Identifying the Constant of Proportionality

An error occurred trying to load this video.

Try refreshing the page, or contact customer support.

Coming up next: Representing Proportional Relationships by Equations

You're on a roll. Keep up the good work!

Replay
Your next lesson will play in 10 seconds
• 0:00 Identifying the…
• 1:22 Constant of…
• 2:05 Word Problems
• 3:11 Diagrams and Tables
• 4:17 Graphs
• 5:12 Lesson Summary

Want to watch this again later?

Timeline
Autoplay
Autoplay
Speed

Recommended Lessons and Courses for You

Lesson Transcript
Instructor: Damien Howard

Damien has a master's degree in physics and has taught physics lab to college students.

Constants of proportionality might sound like something complicated, but chances are, you've encountered them before. In this lesson, we'll explore the constant of proportionality and how to find it.

Identifying the Constant of Proportionality

One Saturday morning, you find yourself at the local grocery store helping out with a little shopping for your family. You've been asked to go pick up a can of tomatoes. When you get to the aisle, you see the brand you want on sale: two for \$3.00. In your head, you divide three by two and know the tomato can will cost \$1.50. What you just did, without even knowing it, is find the constant of proportionality for the cost of a tomato can.

The constant of proportionality is the ratio between two directly proportional quantities. In our tomato example, that ratio is \$3.00/2, which equals \$1.50. Two quantities are directly proportional when they increase and decrease at the same rate. When you buy more or less, the total price of the tomato cans in this example goes up or down correspondingly.

Even though the amount of tomato cans bought and the total price can change, the price for a single tomato can, our constant of proportionality, remains the same. This is why we call the constant of proportionality a constant, a number with a fixed value.

In this lesson, we're going to look at multiple ways to identify the constant of proportionality. We'll see how to identify it in equations, word problems, diagrams, tables, and graphs.

Constant of Proportionality Equation

Earlier we mentioned that the ratio for the constant of proportionality in our example was \$3.00/2. We can use this ratio as an example to find a general equation for any constant of proportionality. The constant of proportionality (k) equals the total price (y) divided by the number of cans (x).

k = y/x

Or, the total price equals the constant of proportionality multiplied by the number of cans:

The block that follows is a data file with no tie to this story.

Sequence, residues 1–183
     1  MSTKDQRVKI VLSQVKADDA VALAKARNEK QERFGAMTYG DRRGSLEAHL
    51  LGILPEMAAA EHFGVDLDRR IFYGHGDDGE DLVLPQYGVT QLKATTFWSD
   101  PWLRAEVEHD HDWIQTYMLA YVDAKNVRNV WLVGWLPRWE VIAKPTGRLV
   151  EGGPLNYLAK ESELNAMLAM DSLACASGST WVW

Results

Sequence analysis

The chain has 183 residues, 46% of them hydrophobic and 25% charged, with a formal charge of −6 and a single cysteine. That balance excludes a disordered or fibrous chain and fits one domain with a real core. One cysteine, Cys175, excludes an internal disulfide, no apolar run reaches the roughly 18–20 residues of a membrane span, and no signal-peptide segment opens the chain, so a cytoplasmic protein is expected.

y = kx

The second formula is a common alternate form of the constant of proportionality formula. While working with the equations, just replace the total price and number of cans with whatever two other directly proportional quantities you have in your problem.

Word Problems

When trying to find the constant of proportionality, you're not always going to begin with an equation. This is especially true when it comes to speech. In a math class, we replicate verbal descriptions with word problems. Let's look at an example of this.

Chris mows 3 acres of his parent's farmland in 12 hours. Over the next several days, he mows 8 more acres in a total of 32 hours. How many hours does Chris spend per acre mowed?

Here, the constant of proportionality ratio we're trying to find is how many hours it takes to mow an acre. In other words, hours divided by acres mowed. We have two situations to test: 3 acres in 12 hours and 8 acres in 32 hours.

k = y/x

1) k = 12/3 = 4 hours per acre

2) k = 32/8 = 4 hours per acre

We can see it takes Chris 4 hours to mow a single acre. This is our constant because no matter how many acres he mows, or how much time he spends mowing, it will always take 4 hours to mow a single acre.

Diagrams and Tables

We just used a word problem to find the constant of proportionality, but in other situations, you might be asked to find one through a visual diagram or a table.

Diagrams and tables like the ones below work exactly the same way for finding the constant of proportionality. If we compare the two, we can see that each column of the table is like one image in the diagram.

To unlock this lesson you must be a Study.com Member.

Register to view this lesson

Are you a student or a teacher?

See for yourself why 30 million people use Study.com

Become a Study.com member and start learning now.
Back
What teachers are saying about Study.com

Earning College Credit

Did you know… We have over 160 college courses that prepare you to earn credit by exam that is accepted by over 1,500 colleges and universities. You can test out of the first two years of college and save thousands off your degree. Anyone can earn credit-by-exam regardless of age or education level.